New treatments transform lives for patients with ankylosing spondylitis
The prediction was crushing. “You’re going to need crutches to get around,” Ryan Timlin recalls a healthcare professional telling him.
Timlin was only 21. He had already seen at least 10 specialists, and still he had no answers or solutions for his excruciating neck and back pain. “They all led to dead ends,” Timlin says.
Once a runner, Timlin was determined to get his health back on track. He sought the expertise of John D. Reveille, MD, director of the Division of Rheumatology and Clinical Immunogenetics at The University of Texas Medical School at Houston, who helped put him on an open road to a better quality of life.
Reveille diagnosed Timlin with ankylosing spondylitis (AS), a form of arthritis that attacks the spine and also can target other joints and organs in the body. The Centers for Disease Control and Prevention for the National Arthritis Data Workgroup estimates that AS and its related diseases affect as many as 2.4 million people in the United States. The inflammatory disease usually strikes when patients are in their teens, 20s or 30s.
Once considered an insidious, debilitating disease, new treatment options and genetic research are helping to change the prognosis for patients like Timlin.
“We’ve made some significant discoveries that are dramatically impacting the quality of life for our patients,” says Reveille, who sees patients at UT Physicians Rheumatology Clinic and Memorial Hermann-Texas Medical Center. “While there is still no cure, early diagnosis and proper medical management can greatly minimize back pain and stiffness and help reduce the risk of disability and deformity.”
Recent studies, including those done at the UT Medical School and Memorial Hermann-TMC, show that biologic medications, also known as Tumor-Necrosis-Factor alpha (TNF-a) blockers, can potentially slow or halt the disease progression in some people, Reveille says.
A curvature of the spine that causes the head to hang lower than the shoulders has been a classic characteristic of the disease. Now, with early treatment, the disease may never advance to the point where it forces patients into a stooped position.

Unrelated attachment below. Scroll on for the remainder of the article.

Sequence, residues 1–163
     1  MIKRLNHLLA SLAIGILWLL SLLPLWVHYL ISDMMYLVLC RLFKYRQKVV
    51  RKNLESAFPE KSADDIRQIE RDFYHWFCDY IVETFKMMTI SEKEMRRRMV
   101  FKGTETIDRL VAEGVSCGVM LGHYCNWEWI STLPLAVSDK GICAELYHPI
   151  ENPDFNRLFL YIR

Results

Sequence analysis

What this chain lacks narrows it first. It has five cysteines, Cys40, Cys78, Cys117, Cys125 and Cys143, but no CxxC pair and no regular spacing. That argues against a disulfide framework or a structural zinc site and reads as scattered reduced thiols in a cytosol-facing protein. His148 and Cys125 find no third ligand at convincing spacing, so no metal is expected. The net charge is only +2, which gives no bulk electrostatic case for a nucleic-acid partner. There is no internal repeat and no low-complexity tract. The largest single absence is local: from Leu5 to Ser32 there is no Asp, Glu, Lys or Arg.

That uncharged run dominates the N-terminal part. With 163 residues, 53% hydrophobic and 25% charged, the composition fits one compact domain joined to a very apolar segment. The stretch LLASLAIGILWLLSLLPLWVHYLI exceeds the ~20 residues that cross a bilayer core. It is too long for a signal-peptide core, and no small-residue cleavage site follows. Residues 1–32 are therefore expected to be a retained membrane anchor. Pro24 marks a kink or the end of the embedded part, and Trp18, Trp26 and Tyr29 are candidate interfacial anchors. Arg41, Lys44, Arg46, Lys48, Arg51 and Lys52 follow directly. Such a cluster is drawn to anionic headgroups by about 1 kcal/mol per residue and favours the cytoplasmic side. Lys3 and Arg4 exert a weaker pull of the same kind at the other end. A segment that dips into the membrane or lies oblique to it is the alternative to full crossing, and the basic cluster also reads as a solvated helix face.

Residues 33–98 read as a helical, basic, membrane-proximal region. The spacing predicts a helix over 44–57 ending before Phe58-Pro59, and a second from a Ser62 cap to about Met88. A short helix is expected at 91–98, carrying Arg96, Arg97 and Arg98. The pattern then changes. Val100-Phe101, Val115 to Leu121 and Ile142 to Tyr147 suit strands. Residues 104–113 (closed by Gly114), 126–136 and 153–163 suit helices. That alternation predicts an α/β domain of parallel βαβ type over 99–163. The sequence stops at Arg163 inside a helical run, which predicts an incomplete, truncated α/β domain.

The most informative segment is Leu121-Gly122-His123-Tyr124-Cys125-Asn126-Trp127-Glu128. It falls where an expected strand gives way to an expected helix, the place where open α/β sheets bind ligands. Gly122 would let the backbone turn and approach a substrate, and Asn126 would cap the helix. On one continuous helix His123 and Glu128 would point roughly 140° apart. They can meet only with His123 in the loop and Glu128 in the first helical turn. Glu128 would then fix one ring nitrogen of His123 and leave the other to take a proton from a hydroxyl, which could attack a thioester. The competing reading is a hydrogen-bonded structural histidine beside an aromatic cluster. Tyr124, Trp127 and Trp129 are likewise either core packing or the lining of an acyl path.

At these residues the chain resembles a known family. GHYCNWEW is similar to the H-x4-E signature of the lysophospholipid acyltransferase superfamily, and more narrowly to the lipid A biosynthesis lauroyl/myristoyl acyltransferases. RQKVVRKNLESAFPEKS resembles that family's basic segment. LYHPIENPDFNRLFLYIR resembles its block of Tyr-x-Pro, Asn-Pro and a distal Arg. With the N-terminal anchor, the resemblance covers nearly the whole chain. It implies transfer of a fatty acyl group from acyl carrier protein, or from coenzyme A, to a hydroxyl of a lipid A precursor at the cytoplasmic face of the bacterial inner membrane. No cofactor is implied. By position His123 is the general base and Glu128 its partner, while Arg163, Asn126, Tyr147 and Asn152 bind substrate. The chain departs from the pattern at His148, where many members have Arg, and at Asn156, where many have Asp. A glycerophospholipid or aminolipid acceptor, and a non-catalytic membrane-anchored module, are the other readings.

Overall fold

Timlin, who is enrolled in a clinical trial to test the effectiveness of Golimumab, described his participation in the drug study as “transformational.” Prior to his diagnosis, he dropped out of school because it was too painful for him to walk to class. “Now my pain is greatly reduced and I have a greater range of motion,” Timlin says. He now is back in school training to be a computer network specialist. And he does it all without the aid of crutches.
TNF-a blockers are only one group of treatment options. There also are non-steroidal anti-inflammatory drugs (NSAIDs) and anti-rheumatic medications. Exercise, Reveille says, is also an integral part of any AS management program. Regular daily exercises can help create better posture and flexibility while lessening pain.
In addition to the growing number of treatment options, Reveille says, there also have been key genetic discoveries. Reveille is part of the Triple “A” Spondylitis Consortium Genetic Study (TASC) that recently discovered two genes –ARTS1 and IL23R – that cause AS. “These genes, which we described two years ago, have been subsequently confirmed all over the world and additional new AS genes will be announced soon,” Reveille says.
“The scientific community is close to fully understanding ankylosing spondylitis,” says Reveille, the George S. Bruce, Jr. Professor in Arthritis and Other Rheumatic Diseases and Linda and Ronny Finger Foundation Distinguished Chair in Neuroimmunologic Disorders. “This could lead to new therapies for the arthritic condition and help us identify patients who are at the greatest risk for developing AS.”
Timlin says the advances in AS research and treatment are encouraging. “For people who are suffering but haven’t yet been diagnosed, my best is advice is: Don’t give up. Keep searching until you find the answer. Once you are diagnosed, find a medication that works for you. And don’t forget to stretch. That’s important. The medication and the exercises won’t heal AS, but they will stop the progression.”